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Google Maps has a feature whereby a user can send a location to a GPS device connected to their computer. This is accomplished via the “Send” link in the upper-right-hand corner of the Maps screen (the same place you go to send Maps stuff via email). A GPS tab is supposed to show up there along with the other Send options, like Email and Phone.

Sometimes it works and sometimes it doesn’t. I became fascinated by this, for some odd reason, and spent a sleepless night attempting to determine the conditions under which the feature would work.

Some forum and blog posts explain the issue as having to do with certain locations being “supported” by the GPS feature and some lacking said support. This is not the case. ALL locations are supported; Google Maps is just buggy about giving you the GPS option.

The GPS option ALWAYS appears for TYPED locations (manually typing a location into the Google Maps search bar). However, things get dicey when you choose a location by clicking the map. Here are some “rules” I’ve discovered for getting the GPS option to appear:

– Google Maps requires that at least one “pushpin” or “arrow” be present on the map before it offers the GPS link for clicked locations. An empty map with no markers at all will never give you the GPS option for a clicked location, even if you click on a point of interest, like a business, park, school, or even a hospital.

– Also, in most cases, a pushpin created via a map click (such as via “Directions to” or “Add a destination”) must denote an exact point, rather than an address range or a single street name. Vague locations produced from map clicks do work sometimes, but not always; whereas precise points like addresses, points of interest, or even coordinates ALWAYS work.
— (Again, strangely, this rule doesn’t seem to apply to TYPED locations; Typing any road name along with a city/zip code into the search bar will always produce the GPS option.)

An “arrow” (green downward arrow icon) appears when you right-click anywhere on the map and choose “What’s here?”. This is the quickest way to get the GPS link, since it not only marks the map with merely two clicks, but also automatically causes Google Maps to pinpoint a precise location. Once the arrow is present, left-click it and click “Send”. The GPS option will always show up this way, even if the location is merely a set of coordinates.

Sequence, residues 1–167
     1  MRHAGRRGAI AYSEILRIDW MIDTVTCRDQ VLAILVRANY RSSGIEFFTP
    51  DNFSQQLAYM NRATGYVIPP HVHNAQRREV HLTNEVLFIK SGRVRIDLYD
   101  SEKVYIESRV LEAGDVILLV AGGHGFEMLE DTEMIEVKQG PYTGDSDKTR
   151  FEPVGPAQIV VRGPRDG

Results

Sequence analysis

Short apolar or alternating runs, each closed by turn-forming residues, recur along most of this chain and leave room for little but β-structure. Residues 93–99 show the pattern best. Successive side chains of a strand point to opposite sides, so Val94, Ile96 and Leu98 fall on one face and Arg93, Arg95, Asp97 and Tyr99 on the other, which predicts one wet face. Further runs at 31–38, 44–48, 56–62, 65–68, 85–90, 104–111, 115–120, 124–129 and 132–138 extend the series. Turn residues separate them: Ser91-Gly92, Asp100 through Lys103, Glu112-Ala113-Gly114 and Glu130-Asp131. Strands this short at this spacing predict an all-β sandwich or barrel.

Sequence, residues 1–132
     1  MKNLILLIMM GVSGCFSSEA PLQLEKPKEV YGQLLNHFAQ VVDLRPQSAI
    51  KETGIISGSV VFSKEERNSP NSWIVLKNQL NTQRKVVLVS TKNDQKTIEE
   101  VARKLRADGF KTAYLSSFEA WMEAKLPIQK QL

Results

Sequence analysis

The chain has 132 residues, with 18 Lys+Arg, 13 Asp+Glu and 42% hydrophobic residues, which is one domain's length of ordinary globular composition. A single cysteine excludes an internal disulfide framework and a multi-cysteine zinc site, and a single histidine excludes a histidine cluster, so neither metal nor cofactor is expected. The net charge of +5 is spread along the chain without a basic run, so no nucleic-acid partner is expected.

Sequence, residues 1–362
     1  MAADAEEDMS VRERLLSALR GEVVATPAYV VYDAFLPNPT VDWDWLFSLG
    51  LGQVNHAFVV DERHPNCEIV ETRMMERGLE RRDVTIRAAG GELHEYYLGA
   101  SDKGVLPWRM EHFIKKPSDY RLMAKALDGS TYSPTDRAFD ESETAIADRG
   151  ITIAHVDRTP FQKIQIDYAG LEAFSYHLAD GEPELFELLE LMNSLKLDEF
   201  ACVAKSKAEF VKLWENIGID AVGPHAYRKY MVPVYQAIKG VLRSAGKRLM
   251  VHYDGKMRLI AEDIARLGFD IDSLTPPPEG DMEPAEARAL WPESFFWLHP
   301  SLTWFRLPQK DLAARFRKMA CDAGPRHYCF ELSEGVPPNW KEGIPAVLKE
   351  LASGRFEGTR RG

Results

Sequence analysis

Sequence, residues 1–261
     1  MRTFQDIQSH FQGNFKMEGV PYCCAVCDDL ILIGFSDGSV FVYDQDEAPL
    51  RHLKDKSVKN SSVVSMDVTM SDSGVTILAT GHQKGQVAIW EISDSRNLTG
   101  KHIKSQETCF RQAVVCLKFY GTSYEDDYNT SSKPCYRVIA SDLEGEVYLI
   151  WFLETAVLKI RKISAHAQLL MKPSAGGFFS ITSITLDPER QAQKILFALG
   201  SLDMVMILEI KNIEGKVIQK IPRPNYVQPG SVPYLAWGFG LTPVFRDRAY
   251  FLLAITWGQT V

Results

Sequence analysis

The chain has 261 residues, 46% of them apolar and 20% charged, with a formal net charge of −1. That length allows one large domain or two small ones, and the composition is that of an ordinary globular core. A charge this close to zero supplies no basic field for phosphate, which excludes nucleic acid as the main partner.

Pushpins can be created by manually typing an address, coordinates, a city, state, zip code, point-of-interest type, etc. into the Google Maps search bar. When a location is entered this way, producing a pushpin (or several pushpins), the GPS option always shows up, no matter how vague the data entered.

Important to note, also, that once one of those markers IS set down on the map (the green arrow or the pushpin), you can THEN click any point of interest (business, park, etc), and then hit “Send”, and the GPS tab will appear! Without at least one pushpin or arrow present somewhere on the map, this does not work.

This article is geared toward power users and IT professionals.

I’ve seen a million forum posts asking about unexplained system activity on Windows 7 machines, and I’d like to reply to them all, but in lieu of that I’m writing this article, because it’s easier. Plus, it feeds my ego.

Task Scheduler 2.0.

It’s easy to overlook Task Scheduler, since historically (XP/2000/2003) it wasn’t all that powerful, nor did it do anything unless you explicitly told it to. It was something cute you never found a practical use for. Windows 7, however, uses Task Scheduler rather prolifically (maybe not the best word, but you get the idea). It’s now a primary method of performing certain Windows functions; it syncs your offline files when you log on, it creates a restore point at startup, and checks group policy to see who should be allowed to send remote assistance invites, as examples.